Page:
Drivers are advised to use caution on area highways this time of year. Despite the official warnings, road mortality is high during mating season, the corpses easily visible on the asphalt. Reading is lobbying the state to build underpasses at high-density road crossings for safe passage. Other small grassland creatures could benefit, but Reading's focus is on the tarantulas.
Tarantulas are a crucial part of the grassland ecosystem. As generalist predators, they eat almost all other invertebrate species and have been known to eat snakes, mice, voles, lizards, frogs, and toads. Tarantula hawk wasps, their main predator, are essential pollinators—at risk of disappearing without the tarantulas as their hosts. Badgers eat the spiders, as do coyotes. One of the researchers' most surprising findings so far is that tarantula populations are healthier on heavily grazed sections of land.
A male tarantula reaches sexual maturity around age seven. New emboli form at the end of his pedipalps—sensory appendages that look like a spare set of legs—bulbing out like tiny clubs. He uses them to tap lightly at the entrance of a female's burrow. It's a restrained mating dance, something close to polite knocking. "He's letting her know, 'I'm not food. I'm here for something else,'" Billotte said, adding that it's a good sign if the female taps back.
Another marker of male sexual maturity is that his first pair of legs grow tibial hooks. No matter how polite the male tarantula is, after the pair mate, the female will almost certainly try to eat him. During copulation, the hooks keep the female at bay while the male creates a series of sperm webs, which he works to insert into the female's epigynum, located on the top of her abdomen. Billotte described it this way: "He's trying to make slam dunks into a fanny pack and hold her up and not get eaten, all at once."
The mating pair we found later looked like wrestlers locked in a bear hug. "Are we about to witness a murder?" I asked. Not even the scientists knew the odds, as the rates of sexual cannibalism have not been closely studied. We all cheered when the male escaped. He would continue his quest to leave as much of a genetic legacy as possible before he inevitably died at the end of the season. The tibial hooks that protect him during mating also prevent him from molting, which is always fatal.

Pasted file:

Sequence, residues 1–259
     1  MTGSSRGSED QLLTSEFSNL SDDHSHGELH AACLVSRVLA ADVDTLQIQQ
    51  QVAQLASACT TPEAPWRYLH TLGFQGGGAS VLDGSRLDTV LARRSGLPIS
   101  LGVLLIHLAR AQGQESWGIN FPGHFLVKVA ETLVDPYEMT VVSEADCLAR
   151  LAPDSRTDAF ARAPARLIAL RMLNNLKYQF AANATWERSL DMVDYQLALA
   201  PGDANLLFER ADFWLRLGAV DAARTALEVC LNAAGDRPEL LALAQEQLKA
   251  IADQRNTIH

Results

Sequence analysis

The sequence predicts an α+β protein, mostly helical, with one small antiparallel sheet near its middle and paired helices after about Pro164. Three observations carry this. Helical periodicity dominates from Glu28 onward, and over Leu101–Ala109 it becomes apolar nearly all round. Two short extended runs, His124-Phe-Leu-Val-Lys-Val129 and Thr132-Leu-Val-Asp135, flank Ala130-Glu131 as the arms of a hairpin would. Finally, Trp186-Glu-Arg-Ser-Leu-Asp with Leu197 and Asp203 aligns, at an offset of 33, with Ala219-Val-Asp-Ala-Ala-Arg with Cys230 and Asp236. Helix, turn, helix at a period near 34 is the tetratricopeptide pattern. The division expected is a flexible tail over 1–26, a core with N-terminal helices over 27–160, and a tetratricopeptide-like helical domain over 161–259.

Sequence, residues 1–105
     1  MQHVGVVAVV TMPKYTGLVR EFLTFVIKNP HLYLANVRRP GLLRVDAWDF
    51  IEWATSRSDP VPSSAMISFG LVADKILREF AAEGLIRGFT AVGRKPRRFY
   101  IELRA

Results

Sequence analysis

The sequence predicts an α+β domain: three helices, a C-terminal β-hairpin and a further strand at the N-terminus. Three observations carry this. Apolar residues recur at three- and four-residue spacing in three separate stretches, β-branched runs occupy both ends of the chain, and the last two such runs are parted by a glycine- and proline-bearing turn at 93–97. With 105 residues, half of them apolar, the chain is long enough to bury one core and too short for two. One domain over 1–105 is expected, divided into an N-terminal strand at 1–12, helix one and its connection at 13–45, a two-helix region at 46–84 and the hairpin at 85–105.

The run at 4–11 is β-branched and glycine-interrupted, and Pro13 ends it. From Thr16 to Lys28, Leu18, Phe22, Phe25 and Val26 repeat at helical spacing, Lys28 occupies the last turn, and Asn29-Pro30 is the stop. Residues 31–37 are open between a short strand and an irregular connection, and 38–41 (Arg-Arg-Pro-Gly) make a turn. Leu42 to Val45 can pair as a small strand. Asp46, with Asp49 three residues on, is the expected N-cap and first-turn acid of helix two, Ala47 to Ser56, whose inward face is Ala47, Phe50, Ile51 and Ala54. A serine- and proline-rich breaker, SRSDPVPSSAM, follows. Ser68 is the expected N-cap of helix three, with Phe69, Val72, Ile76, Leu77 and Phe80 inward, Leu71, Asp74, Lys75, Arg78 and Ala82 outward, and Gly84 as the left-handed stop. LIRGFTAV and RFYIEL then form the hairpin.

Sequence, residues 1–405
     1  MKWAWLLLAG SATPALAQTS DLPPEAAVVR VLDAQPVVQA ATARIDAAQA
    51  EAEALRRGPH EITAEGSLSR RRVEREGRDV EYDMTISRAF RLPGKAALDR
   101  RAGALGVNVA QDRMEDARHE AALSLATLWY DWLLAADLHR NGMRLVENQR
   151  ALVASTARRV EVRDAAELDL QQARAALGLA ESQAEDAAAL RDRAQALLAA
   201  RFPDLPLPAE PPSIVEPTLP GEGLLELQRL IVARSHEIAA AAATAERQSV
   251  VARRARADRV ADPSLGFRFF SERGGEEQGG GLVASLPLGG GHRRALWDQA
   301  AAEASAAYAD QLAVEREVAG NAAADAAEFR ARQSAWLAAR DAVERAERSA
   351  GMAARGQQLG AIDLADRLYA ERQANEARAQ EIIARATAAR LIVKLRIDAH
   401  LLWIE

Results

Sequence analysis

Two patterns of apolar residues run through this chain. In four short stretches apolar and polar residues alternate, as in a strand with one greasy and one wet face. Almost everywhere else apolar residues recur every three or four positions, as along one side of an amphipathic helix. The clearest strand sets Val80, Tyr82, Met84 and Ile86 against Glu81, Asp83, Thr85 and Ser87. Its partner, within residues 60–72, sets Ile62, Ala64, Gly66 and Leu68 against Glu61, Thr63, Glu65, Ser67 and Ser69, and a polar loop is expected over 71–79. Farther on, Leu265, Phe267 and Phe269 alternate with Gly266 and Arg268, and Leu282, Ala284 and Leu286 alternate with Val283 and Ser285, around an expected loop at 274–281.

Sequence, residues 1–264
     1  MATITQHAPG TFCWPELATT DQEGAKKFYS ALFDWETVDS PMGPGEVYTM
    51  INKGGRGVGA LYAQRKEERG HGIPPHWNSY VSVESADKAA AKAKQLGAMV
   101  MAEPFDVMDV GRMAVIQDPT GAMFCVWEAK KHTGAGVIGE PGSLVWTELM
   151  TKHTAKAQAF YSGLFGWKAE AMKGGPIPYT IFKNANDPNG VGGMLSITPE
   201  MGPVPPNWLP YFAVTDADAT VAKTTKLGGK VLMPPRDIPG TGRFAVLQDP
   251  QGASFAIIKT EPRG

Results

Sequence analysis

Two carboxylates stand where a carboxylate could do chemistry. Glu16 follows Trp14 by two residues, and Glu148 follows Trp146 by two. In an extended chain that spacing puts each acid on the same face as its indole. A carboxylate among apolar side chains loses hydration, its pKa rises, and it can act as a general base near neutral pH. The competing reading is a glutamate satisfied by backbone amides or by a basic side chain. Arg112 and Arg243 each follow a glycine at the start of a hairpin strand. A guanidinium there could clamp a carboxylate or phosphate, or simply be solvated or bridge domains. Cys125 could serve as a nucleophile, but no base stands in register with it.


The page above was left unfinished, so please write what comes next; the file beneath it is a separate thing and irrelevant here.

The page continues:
Reading showed us how to "fish" for the females by tapping at their burrow entrances with a long-stemmed grama seed head. Once I found a burrow, I worked to channel his patience and persistence through several frustrating failed attempts. It seemed to take forever, but finally the female grabbed the other end of my grass stem and pulled. It was thrilling. When the resulting game of tug-of-war lured her out into the open, I blocked the burrow entrance with my boot, as I'd been instructed. Reading scooped the tarantula into a plastic box with air holes and set her next to the others, then Billotte got to work pouring plaster into the spider burrow.
A light breeze rattled a patch of dried yucca blooms and set the yellowing grasses to swaying. Despite the heat, despite the relentless sun, summer was fading. When the casts were set and dug, they looked like funky plumbing, each pipelike cast misshapen in different ways, ranging from 18 inches to almost two and a half feet long. Billotte took soil samples near each one, and the scientists tenderly released the females near their former burrows. As though we hadn't disturbed them at all, the tarantulas patiently started the work of rebuilding. In no time, the scientists reassured us, they would be safely underground again.